Fate of 4,000 students uncertain as 32 private colleges fail Medical Council of India test - Hindustan Times
close_game
close_game

Fate of 4,000 students uncertain as 32 private colleges fail Medical Council of India test

Jan 31, 2017 11:23 AM IST

Just two colleges passed MCI’s inspections in November and December last year

NEW DELHI

34 colleges have been debarred by the country’s medical education regulator for failing to meet required standards.(Getty Images)
34 colleges have been debarred by the country’s medical education regulator for failing to meet required standards.(Getty Images)

Nearly 4,000 medical students in 32 new private colleges might find their institutes disqualified as these have failed to pass standard checks.

Hindustan Times - your fastest source for breaking news! Read now.

These are among 34 colleges approved by a Supreme Court-appointed oversight committee in May 2016, but debarred by the country’s medical education regulator for failing to meet required standards.

The committee, headed by retired judge RM Lodha, had overruled the Medical Council of India’s (MCI) decision with the condition that if these colleges fail another inspection, they cannot admit students for two years.

Subsequently these colleges admitted their first batch — 3,957 students — last summer. These students had cleared the national eligibility cum entrance test (NEET). Rules stipulate that these students — studying for their bachelors of medicine (MBBS) — should be moved to other medical colleges if their institutes get disqualified. But experts feel such an effort will be challenging.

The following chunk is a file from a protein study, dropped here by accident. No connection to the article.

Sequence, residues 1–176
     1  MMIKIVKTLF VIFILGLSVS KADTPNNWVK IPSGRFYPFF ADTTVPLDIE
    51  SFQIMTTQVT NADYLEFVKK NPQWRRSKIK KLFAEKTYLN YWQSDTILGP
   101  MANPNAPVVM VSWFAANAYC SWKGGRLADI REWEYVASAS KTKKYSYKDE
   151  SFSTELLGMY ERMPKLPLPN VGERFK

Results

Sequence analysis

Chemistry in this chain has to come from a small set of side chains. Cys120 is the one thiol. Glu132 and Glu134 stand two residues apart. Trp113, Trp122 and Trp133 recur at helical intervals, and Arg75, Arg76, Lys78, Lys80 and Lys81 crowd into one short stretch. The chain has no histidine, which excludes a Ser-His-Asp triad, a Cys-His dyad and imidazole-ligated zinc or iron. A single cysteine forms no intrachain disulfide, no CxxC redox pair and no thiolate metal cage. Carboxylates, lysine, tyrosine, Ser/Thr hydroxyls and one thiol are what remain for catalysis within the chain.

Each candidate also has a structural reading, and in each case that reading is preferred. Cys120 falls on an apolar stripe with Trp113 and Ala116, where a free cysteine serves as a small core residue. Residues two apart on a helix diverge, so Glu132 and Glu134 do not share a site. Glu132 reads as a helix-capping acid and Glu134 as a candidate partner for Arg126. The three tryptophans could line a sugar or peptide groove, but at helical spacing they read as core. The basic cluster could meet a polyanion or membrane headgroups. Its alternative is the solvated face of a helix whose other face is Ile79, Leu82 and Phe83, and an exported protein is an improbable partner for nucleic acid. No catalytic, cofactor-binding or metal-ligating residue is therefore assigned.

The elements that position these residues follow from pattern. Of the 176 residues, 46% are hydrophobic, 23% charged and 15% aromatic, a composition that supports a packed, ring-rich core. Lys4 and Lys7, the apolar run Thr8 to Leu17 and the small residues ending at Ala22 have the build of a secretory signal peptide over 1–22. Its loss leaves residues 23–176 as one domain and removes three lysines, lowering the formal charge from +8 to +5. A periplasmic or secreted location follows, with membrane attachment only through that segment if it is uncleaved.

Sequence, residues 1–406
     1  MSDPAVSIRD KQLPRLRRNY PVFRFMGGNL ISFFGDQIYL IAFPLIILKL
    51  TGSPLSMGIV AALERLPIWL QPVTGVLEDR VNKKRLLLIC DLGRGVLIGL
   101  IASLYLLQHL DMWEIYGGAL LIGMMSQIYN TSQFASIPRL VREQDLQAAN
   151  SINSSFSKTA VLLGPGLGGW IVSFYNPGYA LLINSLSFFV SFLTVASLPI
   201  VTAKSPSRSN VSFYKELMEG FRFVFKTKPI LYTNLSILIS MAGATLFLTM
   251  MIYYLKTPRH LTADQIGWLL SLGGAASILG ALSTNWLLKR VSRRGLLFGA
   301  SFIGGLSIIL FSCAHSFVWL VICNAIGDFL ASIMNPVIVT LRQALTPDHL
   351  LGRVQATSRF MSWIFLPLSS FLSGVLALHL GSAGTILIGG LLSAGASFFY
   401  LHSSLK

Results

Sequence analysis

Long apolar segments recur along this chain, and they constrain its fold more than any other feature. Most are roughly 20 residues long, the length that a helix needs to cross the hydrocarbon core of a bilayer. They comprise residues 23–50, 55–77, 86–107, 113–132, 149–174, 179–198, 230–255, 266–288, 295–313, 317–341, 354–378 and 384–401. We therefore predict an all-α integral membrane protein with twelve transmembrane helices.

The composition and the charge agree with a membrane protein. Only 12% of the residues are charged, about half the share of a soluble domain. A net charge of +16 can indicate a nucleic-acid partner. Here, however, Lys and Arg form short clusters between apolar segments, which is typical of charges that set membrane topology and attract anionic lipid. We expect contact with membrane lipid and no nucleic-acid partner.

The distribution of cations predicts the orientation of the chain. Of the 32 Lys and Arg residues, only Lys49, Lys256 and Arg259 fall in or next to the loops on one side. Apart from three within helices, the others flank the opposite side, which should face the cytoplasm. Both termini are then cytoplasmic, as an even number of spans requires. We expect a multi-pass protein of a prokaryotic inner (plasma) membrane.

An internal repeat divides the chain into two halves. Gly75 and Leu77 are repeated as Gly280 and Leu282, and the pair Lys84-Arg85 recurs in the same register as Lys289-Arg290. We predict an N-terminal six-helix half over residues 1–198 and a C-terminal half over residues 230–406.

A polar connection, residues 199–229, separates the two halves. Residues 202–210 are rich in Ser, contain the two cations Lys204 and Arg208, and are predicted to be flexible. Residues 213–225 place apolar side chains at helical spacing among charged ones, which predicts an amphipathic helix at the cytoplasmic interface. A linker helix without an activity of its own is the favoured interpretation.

“You can’t stretch facilities to accommodate so many students in other approved colleges. This will hamper studies of the students,” said KK Aggarwal, national president of the Indian Medical Association.

“If the oversight committee accepts the MCI report, it will have to address the concerns of students admitted to these colleges.”

The MCI and the oversight committee didn’t respond to requests for comments.

Trouble began for the students after the MCI conducted another round of inspection in those 34 colleges in November and December. Only two colleges — Maheshwara Medical College in Andhra Pradesh’s Chitkul, and Amaltas Institute of Medical Sciences at Dewas in Madhya Pradesh — met the regulator’s benchmark.

In most of the institutes, the MCI found shortage of faculty and resident doctors, locked intensive care units (ICU) and emergency wards, and vacant general wards.

Some of the colleges forged documents to show adequate faculty or lined up fake patients for MCI inspectors.

A Hindustan Times investigation had found similar shortfalls. Empty ICUs, no faculty, locked operation theatres, and under-construction departments and buildings awaiting students in many of the institutes approved by the oversight committee.

Meanwhile, Sudhir Giri, chairman of Venkateswara University that has failed to meet the MCI standard, said: “The MCI is biased and adamant on barring us for vested reasons.”

Unlock a world of Benefits with HT! From insightful newsletters to real-time news alerts and a personalized news feed – it's all here, just a click away! -Login Now!
SHARE THIS ARTICLE ON
Share this article
  • ABOUT THE AUTHOR
    author-default-90x90

    Jeevan Prakash Sharma is assistant editor, Special Assignment. He has spent nearly 20 years in journalism with focus on education, real estate, crime and legal . He specialises in RTI-based information and open source data.

SHARE
Story Saved
Live Score
OPEN APP
Saved Articles
Following
My Reads
Sign out
New Delhi 0C
Saturday, March 02, 2024
Start 14 Days Free Trial Subscribe Now
Follow Us On